On Circle of Complication
Play is older than culture, for culture, however inadequately defined, always presupposes human society, and animals have not waited for man to teach them their playing.
- Johan Huizinga, Homo Ludens: A Study of the Play Element in Culture (1955)
Dave Ghilarducci’s artwork investigates perception on an everyday level, often using popular technology as the subject and object of artistic inquiry. Circle of Complication is an electronically mechanized sculpture designed to make drawings reminiscent of those made by a child using a Spirograph toy. In Ghilarducci's work, however, the drawings are made at large scale using a program designed to produce a series of random operations.
An aesthetic of mechanization has informed over a century of art making, including, but not limited to the Futurist’s infatuation with machines, Jean Tinguely’s self-destructing kinetic sculptures, and Roxy Paine’s industrial painting and sculpting machines. Such art often considers industrial technology’s modes of production and distribution in relation to vital social and cultural issues. One recurring issue that seems to draw renewed interest as our economy has shifted its base from industry to service to information, is the notion of work and the necessity of citizens to redefine their relationship to the changing nature of the work they do. As technology changes, so do the paradigms we use to understand the world and our place in it.
Dave Ghilarducci is interested in the developmental aspects of play. In Circle of Complication he seems to inquire about how play offers a means of assimilation into a changing world. By simulating the Spirograph’s iconic geometries he points to an era of play – during the late 1960s and throughout the 1970s – in which toys like the Spirograph relied on the developmental aspects of play to reinforce a set of values related to culture and technology.
Now, some thirty years later, and living in the wake of a bygone era’s technological paradigms, we watch this mechanized sculpture dutifully produce an ink drawing over the course of twenty minutes. It offers a stark contrast to our mental image (or personal experience?) of a child absorbed in the spontaneous discovery of his or her Spirograph creation. We consider how, through play, children acquired both aesthetic and kinesthetic awareness of geometric forms. This awareness, no doubt, acted as a seductive precursor to the complex mathematics – technically known as hypotrochoids and epitrochoids – that many of those children would later learn govern these curves.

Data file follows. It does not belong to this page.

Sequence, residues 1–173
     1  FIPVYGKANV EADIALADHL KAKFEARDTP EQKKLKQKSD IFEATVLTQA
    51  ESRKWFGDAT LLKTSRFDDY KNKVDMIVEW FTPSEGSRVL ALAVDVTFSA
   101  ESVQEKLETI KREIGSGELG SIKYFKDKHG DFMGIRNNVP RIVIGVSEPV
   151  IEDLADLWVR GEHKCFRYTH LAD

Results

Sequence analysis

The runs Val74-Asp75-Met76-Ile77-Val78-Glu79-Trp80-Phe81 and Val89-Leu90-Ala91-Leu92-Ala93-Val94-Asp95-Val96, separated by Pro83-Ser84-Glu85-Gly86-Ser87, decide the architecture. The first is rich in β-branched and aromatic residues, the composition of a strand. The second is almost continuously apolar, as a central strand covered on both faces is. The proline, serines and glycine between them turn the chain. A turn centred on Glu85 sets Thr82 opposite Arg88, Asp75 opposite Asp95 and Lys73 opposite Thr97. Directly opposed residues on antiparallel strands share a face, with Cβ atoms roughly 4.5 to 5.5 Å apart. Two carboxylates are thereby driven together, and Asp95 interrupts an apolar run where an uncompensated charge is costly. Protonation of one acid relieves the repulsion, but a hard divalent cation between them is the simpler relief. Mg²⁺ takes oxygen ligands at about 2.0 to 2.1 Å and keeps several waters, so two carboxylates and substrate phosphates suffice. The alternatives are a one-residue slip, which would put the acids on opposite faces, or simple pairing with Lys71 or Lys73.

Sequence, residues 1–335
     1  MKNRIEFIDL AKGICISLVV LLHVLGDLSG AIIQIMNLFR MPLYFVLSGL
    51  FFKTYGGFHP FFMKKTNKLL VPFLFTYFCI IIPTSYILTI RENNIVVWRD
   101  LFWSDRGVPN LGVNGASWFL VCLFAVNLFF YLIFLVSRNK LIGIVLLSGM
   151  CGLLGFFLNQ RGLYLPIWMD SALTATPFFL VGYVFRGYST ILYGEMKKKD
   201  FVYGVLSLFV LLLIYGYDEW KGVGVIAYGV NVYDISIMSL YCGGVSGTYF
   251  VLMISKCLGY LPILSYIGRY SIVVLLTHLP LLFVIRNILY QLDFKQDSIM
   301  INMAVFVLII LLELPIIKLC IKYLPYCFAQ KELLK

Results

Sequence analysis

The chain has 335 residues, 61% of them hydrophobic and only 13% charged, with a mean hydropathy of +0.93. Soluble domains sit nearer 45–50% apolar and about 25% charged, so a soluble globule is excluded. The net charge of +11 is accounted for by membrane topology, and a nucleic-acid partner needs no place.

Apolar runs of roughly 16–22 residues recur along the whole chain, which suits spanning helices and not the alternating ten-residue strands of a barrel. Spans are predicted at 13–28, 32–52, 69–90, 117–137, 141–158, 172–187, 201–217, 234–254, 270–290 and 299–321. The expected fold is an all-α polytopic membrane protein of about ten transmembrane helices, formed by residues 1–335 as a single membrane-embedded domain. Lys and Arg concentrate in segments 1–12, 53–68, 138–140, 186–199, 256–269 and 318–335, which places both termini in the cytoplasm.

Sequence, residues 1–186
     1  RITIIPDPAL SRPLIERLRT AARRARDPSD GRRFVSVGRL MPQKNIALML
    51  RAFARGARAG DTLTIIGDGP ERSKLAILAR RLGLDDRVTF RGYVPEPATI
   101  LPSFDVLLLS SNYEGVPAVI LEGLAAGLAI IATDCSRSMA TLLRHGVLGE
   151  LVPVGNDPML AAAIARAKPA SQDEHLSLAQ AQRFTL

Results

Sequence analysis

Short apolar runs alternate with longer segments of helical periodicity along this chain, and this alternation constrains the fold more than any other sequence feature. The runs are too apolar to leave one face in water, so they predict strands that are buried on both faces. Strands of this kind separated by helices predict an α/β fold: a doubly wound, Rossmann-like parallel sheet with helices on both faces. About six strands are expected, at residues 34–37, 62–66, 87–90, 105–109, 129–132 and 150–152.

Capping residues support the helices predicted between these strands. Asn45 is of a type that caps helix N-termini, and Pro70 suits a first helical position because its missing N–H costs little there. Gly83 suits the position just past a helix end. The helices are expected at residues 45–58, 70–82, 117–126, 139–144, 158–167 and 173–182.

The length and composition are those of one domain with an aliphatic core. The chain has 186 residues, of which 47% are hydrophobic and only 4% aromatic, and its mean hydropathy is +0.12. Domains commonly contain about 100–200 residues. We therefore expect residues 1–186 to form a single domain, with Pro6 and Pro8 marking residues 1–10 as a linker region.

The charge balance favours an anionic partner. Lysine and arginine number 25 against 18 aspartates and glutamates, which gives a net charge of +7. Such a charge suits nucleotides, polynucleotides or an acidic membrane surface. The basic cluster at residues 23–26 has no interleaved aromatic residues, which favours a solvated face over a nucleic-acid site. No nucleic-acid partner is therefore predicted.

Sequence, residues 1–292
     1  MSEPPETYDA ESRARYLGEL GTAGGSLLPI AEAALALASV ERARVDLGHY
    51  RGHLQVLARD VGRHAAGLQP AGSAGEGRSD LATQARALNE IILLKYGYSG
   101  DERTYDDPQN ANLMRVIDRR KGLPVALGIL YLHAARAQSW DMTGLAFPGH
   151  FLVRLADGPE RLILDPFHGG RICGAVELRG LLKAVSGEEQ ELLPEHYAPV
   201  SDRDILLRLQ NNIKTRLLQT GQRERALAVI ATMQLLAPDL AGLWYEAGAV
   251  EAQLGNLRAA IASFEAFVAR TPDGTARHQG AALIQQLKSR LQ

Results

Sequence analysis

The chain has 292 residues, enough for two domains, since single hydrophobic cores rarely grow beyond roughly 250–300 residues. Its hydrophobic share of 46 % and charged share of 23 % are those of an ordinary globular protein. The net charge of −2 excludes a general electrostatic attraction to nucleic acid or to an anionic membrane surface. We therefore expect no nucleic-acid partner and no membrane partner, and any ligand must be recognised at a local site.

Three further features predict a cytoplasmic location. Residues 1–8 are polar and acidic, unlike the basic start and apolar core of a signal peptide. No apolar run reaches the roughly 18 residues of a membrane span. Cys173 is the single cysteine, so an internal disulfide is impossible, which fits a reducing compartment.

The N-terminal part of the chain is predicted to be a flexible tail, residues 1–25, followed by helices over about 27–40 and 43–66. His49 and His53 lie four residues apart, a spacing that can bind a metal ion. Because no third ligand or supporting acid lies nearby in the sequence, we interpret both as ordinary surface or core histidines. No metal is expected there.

Drawing machines and sculptures that mechanize the process of art making are not new to art of the last sixty years. Typically such machines flaunted a disregard for traditional artistic skills while making the provocative claim that a machine is capable of making art. Ghilarducci makes no such claim in Circle of Complication. For Ghilarducci, the artwork is the machine, which is, in fact, an impeccably crafted kinetic sculpture. That the sculpture produces drawings does not immediately bestow upon the drawings the status of art. Rather the drawings function more as artifact. Through the process of making a drawing, the artwork reveals the complex math that governs the drawings’ creation. For their part, the drawings function as a synecdoche of sorts that stand in for the often transparent relationship between play and learning.
-Brian Goeltzenleuchter, Curator
Dave Ghilarducci was born and raised in Chicago, Illinois. He currently lives and works in Escondido, California. He studied engineering and physics at University of Illinois at Chicago. After graduating, Ghilarducci worked as an engineer, developing a range of culturally substantive objects - from rockets to Palm Pilots. He left the engineering world in 2006 to work fulltime as an artist. Ghilarducci’s work is often interactive and engages viewers while reminding them of the various and often transparent ways technology is used to manage interactions. Although still quite early in his career, Dave Ghilarducci’s work has garnered critical validation. His work has been exhibited at Track 16 Gallery and Oceanside Museum of Art, and later this year at Art Produce Gallery.